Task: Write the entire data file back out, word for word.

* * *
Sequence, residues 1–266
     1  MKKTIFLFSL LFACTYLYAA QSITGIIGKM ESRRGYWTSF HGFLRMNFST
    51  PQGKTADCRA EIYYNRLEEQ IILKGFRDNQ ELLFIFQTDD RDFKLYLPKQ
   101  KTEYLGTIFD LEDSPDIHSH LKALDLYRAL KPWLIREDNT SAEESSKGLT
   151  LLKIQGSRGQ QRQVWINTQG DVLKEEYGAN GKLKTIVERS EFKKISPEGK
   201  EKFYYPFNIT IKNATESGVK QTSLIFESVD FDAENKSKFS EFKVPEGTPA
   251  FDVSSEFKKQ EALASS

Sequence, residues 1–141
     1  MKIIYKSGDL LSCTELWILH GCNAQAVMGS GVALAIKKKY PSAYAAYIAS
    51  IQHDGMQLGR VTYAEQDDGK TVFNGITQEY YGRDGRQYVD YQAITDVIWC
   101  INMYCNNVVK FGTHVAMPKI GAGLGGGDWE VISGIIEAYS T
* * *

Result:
Sequence, residues 1–266
     1  MKKTIFLFSL LFACTYLYAA QSITGIIGKM ESRRGYWTSF HGFLRMNFST
    51  PQGKTADCRA EIYYNRLEEQ IILKGFRDNQ ELLFIFQTDD RDFKLYLPKQ
   101  KTEYLGTIFD LEDSPDIHSH LKALDLYRAL KPWLIREDNT SAEESSKGLT
   151  LLKIQGSRGQ QRQVWINTQG DVLKEEYGAN GKLKTIVERS EFKKISPEGK
   201  EKFYYPFNIT IKNATESGVK QTSLIFESVD FDAENKSKFS EFKVPEGTPA
   251  FDVSSEFKKQ EALASS

Sequence, residues 1–141
     1  MKIIYKSGDL LSCTELWILH GCNAQAVMGS GVALAIKKKY PSAYAAYIAS
    51  IQHDGMQLGR VTYAEQDDGK TVFNGITQEY YGRDGRQYVD YQAITDVIWC
   101  INMYCNNVVK FGTHVAMPKI GAGLGGGDWE VISGIIEAYS T